Learn to Deliver a “Power” Thank You
In his book Just Listen, psychiatrist and business coach Mark Goulston recalls a time when his daughter unwittingly sent him one of the most valuable notes he’s ever received. In her email, she explained that she was talking with her friends about how confusing and scary the future can be, and she brought up advice that her father had given her. “I am so lucky to have such a wise dad, even if he does live 3,000 miles away,” she wrote in the email to her father. “See you in a few weeks. Love, Lauren.” Her simple acknowledgment of her father’s influence on her life meant so much to him. Goulston said he keeps the note in his wallet and wouldn’t sell it for a million bucks.
Goulston called the note from his daughter a “power” thank you. While it’s great to simply remember to say “thanks” when someone does something for you, a power thank you can mean even more. Here’s how to write or speak a power thank you:
- Recount a specific action the person took to help you, remembering all the details.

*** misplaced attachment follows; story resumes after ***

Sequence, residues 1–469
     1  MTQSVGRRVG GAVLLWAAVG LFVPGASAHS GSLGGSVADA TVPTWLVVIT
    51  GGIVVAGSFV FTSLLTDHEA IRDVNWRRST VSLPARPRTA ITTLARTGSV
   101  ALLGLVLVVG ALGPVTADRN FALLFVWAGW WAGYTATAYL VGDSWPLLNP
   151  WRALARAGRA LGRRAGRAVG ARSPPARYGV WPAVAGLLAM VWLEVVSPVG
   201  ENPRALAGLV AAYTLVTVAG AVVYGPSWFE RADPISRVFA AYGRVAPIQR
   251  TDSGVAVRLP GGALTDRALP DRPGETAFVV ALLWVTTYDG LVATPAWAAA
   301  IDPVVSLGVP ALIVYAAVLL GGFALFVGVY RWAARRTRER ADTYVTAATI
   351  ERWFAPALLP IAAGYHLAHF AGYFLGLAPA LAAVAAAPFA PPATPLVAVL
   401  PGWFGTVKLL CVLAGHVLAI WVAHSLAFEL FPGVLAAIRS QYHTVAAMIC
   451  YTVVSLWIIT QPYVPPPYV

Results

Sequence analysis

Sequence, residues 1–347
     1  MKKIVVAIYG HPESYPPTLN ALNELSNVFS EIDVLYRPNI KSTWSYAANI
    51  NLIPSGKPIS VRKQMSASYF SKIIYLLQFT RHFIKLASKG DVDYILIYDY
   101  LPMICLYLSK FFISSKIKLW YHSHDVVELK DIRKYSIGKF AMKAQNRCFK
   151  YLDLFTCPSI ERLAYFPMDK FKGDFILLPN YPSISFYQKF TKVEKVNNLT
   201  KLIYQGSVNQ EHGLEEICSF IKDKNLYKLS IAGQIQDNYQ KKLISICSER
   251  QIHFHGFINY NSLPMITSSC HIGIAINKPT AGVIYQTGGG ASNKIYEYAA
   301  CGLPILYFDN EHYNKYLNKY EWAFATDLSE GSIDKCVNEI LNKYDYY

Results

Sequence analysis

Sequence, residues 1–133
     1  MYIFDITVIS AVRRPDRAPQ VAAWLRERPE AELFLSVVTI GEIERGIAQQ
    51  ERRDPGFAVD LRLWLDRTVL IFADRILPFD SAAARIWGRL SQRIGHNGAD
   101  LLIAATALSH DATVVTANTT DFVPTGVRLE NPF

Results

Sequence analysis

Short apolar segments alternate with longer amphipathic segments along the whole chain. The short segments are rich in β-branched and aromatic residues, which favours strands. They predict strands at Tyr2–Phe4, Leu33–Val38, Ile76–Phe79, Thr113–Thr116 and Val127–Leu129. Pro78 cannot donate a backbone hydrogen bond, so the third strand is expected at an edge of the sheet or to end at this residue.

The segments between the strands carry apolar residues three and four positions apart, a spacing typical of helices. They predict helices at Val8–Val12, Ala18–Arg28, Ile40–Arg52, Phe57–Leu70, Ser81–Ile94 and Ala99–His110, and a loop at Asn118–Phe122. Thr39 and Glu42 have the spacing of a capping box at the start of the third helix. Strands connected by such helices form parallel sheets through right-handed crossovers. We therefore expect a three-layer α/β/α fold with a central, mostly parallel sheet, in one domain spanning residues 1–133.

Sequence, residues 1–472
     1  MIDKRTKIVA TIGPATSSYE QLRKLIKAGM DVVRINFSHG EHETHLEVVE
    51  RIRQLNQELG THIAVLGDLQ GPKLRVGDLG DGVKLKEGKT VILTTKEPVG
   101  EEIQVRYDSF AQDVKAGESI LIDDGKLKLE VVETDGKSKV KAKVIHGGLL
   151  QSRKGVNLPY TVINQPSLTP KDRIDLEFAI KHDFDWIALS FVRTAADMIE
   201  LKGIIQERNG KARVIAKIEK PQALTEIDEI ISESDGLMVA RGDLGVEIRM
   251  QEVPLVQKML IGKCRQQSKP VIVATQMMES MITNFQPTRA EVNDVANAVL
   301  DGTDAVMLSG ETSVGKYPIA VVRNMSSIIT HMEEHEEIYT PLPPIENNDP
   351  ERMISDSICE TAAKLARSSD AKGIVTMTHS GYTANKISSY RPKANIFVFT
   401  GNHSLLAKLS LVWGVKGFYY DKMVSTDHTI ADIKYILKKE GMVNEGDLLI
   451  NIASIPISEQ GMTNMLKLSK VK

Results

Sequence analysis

- Acknowledge the effort and care the person invested in helping you, noting that they went out of their way and did not have to do what they did.
- Explain how their actions made an impact and a difference in your life.
For example, maybe you had a high school teacher who made such an effort to ensure you succeeded that you were inspired to become a teacher yourself. Maybe you have a friend who went above and beyond to support you during a time of illness or financial difficulty. Perhaps as you’ve grown older, you’ve started to realize how many sacrifices your parents made to give you the best life possible. Coaches, mentors, siblings, grandparents, old friends, neighbors, professors, and bosses are all great possible recipients of power thank yous.
The bottom line is, people don’t really know what an impact they’ve made on your life unless you tell them. Who do you want to send a power thank you to today?